My meridian has the same problem and lifting the ground resolved it. I have a fusion audio impulse power cord and Eric lifted the ground at no charge (just shipping). The other option would be power conditioning where an outlet or 2 are on an internal isolation transformer.

I would NOT remove the ground from the outlet.
My Wadia 302 has a tendency to cause hum in some set ups - I just cut the ground prong off a PC to cure it. Don't need the add on 'cheater plug' and you get a much more secure connection.

FWIW, it came with a standard 3 prong plug and the manual sez nothing about what to do if you hear a hum.
I'm very surprised and bothered by the sheer number of people who disconnect/remove the earth from their PC to solve a hum or noise issue. That earth connection is there for a very good reason - to stop people dying from mains voltage shocks in the event of a component failure.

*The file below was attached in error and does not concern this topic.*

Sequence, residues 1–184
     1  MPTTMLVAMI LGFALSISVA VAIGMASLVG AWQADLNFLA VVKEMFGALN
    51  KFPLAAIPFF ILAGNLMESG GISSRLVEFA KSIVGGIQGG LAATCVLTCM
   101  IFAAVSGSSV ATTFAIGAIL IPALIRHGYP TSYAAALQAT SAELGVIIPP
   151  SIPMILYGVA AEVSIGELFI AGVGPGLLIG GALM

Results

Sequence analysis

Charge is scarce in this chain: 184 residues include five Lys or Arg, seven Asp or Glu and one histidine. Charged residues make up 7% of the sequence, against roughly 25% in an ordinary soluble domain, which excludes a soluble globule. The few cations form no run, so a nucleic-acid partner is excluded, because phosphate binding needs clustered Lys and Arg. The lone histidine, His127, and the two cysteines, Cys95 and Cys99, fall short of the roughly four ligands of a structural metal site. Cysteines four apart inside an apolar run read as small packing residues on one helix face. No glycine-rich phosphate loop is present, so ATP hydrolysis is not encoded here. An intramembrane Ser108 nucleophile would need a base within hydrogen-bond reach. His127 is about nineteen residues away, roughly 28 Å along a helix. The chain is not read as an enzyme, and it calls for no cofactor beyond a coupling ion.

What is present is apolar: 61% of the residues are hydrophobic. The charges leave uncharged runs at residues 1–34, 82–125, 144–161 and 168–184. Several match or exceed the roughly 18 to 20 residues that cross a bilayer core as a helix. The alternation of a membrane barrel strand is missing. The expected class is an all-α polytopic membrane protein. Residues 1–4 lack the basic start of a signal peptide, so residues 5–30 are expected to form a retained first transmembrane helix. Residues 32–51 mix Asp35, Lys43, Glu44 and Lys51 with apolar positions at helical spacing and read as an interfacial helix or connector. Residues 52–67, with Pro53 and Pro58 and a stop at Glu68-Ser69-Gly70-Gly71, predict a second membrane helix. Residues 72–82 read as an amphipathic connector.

There are times when the quickest and cheapest solution to a problem is not the smartest, and this is one of them.

Quite frankly, in this day and age of modern high end gear, I'd take an amp/source component straight back to the dealer for a refund if it 'hummed', or have my house wiring checked out, not start stuffing around with mains voltages and risk a live chassis.
Carl109: I agree wholeheartedly. What further amazes me is that audiofiles will go to great lengths and expense to add 'tweaks' to their systems (most of which are meaningless) propose theories that audio equipment and music are too complex for even the most modern scientific instruments to measure, attempt to discuss subatomic particles and the philosophical aspects of current flow, but when there is a ground loop hum, what happens - "let's chop off the ground - look ma no more hum, ain't it grand".